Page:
Ahead of May 7 runoff, French right-wing Les Républicains on verge of split
5 May 2017
Ahead of the May 7 presidential runoff between the ex-banker Emmanuel Macron and National Front (FN) leader Marine Le Pen, France’s right-wing Les Républicains (LR) face a deep split that threatens to blow the Gaullist movement apart. France’s post-1968 two-party system, in which power alternated between various wings of the Gaullist movement and the Socialist Party (PS), is rapidly collapsing.
LR’s presidential campaign was severely damaged when its candidate, François Fillon, was caught up in a corruption scandal after proposing an alliance with Berlin and Moscow against Washington. After the elimination of Fillon and PS candidate Benoît Hamon in the first round, LR is bitterly divided between advocates of a Macron vote and sections of LR closer to the neo-fascist FN.
On Wednesday, LR campaign manager François Baroin said senators who called for a Le Pen vote in the second round or who openly joined Emmanuel Macron’s On the March movement to run in the June legislative elections would be expelled. After the first round, Baroin said he would vote “personally” for Macron. However, he later told RTL radio: “All those who get close to Marine Le Pen will be expelled. … All those who get close to Macron before the legislatives, same treatment.”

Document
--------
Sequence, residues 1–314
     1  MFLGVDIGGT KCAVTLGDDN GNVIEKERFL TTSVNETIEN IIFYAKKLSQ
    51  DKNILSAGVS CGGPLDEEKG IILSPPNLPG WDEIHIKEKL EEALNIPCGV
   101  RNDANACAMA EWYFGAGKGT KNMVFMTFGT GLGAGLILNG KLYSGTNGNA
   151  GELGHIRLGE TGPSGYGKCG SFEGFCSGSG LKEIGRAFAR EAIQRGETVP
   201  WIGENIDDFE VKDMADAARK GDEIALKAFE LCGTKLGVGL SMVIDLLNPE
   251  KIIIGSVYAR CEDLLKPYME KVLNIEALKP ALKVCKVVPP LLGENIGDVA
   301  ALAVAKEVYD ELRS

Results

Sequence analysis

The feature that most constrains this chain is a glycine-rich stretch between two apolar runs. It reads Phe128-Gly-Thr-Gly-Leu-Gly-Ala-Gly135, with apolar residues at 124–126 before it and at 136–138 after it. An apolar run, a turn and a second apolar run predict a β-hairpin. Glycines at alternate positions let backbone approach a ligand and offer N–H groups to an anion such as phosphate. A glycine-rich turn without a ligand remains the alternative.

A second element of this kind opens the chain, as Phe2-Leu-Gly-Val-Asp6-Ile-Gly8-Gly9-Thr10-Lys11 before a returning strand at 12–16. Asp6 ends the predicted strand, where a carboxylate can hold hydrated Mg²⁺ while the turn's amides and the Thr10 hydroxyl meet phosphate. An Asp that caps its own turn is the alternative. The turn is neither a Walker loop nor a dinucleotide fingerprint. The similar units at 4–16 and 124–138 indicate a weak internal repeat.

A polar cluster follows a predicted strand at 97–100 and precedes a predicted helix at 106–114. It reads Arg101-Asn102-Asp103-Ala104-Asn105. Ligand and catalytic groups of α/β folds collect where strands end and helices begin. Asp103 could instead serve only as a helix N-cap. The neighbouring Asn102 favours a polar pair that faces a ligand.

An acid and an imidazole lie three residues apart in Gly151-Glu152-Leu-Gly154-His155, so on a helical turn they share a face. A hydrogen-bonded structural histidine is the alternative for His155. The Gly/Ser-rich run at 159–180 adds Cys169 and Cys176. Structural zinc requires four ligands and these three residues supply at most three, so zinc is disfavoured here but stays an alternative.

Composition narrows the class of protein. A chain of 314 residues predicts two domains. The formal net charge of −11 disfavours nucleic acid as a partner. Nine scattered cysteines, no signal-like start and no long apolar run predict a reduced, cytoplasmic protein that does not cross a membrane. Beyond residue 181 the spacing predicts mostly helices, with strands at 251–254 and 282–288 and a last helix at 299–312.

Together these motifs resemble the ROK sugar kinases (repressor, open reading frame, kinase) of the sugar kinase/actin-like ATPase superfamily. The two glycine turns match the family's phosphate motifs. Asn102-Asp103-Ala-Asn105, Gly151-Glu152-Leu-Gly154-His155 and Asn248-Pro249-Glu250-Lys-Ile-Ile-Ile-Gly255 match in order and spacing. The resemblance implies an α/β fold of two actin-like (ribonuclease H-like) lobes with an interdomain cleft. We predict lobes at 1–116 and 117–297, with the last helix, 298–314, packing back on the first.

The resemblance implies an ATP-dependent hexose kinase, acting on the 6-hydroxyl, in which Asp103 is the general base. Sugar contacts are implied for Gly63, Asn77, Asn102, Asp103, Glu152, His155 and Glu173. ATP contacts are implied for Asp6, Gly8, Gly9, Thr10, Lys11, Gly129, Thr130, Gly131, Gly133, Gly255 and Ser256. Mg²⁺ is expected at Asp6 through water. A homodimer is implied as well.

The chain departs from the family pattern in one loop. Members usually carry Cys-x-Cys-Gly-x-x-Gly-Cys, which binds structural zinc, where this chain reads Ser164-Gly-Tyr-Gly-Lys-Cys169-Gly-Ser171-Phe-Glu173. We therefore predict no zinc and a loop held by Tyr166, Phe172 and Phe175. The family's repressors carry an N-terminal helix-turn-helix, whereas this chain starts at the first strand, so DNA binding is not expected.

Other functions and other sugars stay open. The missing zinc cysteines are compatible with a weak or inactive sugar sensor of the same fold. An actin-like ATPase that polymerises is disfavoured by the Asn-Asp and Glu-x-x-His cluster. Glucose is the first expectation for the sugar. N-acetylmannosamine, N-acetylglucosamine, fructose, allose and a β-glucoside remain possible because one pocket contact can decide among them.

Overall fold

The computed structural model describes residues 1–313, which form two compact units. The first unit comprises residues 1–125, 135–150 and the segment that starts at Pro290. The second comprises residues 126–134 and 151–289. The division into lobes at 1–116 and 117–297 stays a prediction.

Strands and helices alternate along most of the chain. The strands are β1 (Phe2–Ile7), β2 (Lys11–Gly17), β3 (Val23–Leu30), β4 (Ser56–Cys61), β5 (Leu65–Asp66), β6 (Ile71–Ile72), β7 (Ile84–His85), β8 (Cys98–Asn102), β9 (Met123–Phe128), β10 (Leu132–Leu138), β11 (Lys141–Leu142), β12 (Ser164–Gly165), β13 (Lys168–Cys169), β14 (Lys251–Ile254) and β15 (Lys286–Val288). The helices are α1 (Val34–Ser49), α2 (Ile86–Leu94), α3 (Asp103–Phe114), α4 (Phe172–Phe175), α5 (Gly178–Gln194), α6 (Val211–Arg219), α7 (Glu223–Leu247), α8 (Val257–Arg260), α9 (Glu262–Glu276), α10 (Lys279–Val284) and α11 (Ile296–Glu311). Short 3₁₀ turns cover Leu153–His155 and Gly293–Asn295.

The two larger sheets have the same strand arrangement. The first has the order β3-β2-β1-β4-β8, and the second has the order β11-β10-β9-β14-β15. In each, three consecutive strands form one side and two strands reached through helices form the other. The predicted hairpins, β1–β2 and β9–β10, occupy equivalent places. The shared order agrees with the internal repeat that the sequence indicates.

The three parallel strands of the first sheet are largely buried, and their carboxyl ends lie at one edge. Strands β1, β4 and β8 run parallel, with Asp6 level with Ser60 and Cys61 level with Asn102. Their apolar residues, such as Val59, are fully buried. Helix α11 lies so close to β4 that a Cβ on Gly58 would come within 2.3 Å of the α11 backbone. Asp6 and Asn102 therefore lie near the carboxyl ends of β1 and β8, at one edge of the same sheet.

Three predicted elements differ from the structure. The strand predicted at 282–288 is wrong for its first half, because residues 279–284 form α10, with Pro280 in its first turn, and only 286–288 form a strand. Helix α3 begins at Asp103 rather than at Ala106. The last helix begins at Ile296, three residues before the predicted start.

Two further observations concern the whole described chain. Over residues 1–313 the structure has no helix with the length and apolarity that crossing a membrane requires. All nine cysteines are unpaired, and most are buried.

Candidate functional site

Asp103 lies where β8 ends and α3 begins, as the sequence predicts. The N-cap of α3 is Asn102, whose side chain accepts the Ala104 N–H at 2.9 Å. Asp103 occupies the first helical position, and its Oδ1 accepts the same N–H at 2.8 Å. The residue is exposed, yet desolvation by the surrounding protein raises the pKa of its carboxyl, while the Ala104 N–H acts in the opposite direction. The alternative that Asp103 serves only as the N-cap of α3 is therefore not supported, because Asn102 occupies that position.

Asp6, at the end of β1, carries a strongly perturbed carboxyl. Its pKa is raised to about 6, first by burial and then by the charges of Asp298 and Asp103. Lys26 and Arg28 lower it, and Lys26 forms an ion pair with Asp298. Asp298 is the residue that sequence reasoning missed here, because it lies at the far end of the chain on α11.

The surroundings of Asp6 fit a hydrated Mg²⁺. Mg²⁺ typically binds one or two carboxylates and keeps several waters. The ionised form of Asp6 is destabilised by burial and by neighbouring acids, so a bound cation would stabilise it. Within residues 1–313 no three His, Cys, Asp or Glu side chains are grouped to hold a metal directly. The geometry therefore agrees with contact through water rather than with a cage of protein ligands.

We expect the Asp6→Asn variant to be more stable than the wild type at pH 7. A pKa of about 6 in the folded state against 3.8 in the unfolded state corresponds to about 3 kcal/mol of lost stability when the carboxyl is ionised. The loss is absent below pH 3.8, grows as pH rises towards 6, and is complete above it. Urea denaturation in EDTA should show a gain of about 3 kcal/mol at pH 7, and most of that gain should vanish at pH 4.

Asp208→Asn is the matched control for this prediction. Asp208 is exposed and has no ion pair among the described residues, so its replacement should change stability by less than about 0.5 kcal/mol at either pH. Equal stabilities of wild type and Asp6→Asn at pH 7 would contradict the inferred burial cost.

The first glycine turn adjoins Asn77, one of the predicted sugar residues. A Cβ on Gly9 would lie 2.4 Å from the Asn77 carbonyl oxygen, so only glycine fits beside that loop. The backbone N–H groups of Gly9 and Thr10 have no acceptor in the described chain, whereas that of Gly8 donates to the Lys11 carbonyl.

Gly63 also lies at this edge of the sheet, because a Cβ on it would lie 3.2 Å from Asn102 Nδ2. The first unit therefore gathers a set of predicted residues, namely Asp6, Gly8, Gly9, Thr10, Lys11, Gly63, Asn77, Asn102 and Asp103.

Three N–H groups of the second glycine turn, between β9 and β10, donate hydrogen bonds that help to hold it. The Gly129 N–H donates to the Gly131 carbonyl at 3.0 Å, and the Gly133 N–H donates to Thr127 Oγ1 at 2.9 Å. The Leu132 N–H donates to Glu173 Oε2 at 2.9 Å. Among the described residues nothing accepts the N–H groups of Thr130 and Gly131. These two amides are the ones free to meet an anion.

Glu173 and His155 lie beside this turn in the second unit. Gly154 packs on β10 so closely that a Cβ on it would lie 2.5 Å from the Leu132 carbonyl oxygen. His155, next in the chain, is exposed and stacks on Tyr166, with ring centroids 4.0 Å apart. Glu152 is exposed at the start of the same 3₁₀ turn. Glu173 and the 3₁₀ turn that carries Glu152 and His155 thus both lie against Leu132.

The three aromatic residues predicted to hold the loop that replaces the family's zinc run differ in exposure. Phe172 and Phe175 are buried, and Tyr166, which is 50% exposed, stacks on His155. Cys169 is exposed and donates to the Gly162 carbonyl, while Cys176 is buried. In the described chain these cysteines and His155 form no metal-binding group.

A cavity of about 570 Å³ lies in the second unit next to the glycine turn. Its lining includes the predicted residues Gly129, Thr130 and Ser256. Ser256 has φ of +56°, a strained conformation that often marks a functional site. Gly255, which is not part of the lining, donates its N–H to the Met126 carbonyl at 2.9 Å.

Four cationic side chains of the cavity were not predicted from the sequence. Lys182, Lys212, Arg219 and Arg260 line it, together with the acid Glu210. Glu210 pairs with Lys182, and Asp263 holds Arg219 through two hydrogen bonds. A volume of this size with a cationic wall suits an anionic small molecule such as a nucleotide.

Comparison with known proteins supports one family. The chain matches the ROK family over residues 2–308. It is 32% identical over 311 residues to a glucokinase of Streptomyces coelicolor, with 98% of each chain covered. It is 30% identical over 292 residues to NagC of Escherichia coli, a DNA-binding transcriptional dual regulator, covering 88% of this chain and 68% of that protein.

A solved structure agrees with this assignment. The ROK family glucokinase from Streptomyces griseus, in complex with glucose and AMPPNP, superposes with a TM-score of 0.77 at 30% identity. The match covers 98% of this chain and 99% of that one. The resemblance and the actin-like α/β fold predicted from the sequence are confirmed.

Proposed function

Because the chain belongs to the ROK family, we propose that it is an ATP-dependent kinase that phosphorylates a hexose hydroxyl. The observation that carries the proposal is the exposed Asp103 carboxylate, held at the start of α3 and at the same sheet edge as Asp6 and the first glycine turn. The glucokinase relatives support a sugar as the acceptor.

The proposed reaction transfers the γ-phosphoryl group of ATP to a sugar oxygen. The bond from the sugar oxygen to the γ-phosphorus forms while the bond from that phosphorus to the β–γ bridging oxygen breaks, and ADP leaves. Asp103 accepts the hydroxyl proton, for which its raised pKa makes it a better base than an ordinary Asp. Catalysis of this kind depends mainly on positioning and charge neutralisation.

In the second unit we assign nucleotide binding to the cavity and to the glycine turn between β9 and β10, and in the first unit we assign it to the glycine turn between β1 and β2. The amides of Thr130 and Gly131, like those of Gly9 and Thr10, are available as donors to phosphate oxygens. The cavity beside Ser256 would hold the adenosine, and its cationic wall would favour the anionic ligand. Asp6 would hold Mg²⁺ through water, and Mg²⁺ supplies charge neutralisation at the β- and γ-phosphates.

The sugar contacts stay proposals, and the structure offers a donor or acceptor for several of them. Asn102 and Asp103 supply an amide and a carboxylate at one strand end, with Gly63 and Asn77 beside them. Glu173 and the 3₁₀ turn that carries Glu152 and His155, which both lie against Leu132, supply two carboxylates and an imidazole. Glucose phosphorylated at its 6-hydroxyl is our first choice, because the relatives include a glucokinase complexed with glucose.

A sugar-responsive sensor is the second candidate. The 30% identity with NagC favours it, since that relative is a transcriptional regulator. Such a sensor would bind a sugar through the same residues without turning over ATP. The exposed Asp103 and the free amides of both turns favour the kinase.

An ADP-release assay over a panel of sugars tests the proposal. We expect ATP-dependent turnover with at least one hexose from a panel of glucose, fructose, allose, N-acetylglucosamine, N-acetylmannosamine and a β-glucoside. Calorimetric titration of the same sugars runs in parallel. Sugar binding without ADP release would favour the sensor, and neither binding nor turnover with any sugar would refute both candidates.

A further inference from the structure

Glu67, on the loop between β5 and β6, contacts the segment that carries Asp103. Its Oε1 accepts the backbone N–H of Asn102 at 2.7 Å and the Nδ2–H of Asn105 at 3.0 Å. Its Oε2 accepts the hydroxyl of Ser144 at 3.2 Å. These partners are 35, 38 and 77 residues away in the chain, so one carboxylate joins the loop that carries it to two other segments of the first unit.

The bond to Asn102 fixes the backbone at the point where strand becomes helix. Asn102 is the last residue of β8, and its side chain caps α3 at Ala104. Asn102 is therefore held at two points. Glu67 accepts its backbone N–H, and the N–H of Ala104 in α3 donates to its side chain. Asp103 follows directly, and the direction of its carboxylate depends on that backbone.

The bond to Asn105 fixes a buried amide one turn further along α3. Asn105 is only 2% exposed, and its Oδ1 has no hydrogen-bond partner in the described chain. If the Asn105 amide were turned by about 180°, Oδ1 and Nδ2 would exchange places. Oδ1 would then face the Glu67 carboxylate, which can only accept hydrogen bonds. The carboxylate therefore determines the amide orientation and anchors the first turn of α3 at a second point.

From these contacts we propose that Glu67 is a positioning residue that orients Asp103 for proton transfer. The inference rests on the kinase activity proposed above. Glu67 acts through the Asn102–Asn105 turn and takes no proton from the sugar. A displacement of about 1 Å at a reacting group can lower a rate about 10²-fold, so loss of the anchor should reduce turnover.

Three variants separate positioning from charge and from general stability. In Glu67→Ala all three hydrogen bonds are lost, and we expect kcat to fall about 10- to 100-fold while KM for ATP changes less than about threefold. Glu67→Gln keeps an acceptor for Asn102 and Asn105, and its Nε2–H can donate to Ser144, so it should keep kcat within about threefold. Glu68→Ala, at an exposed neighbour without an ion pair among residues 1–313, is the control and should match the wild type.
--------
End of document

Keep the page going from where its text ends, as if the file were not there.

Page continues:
LR officials also reacted sharply to right-winger Nicolas Dupont-Aignan’s endorsement earlier this week of Le Pen. On Twitter, veteran politician Dominique Bussereau, a cabinet minister in a Fillon government, denounced Dupont-Aignan as a fascist, declaring, “So-called Gaullist but really a Pétainist [supporter of Nazi-collaborationist dictator Marshal Philippe Pétain], Dupont-Aignan must be beaten in the…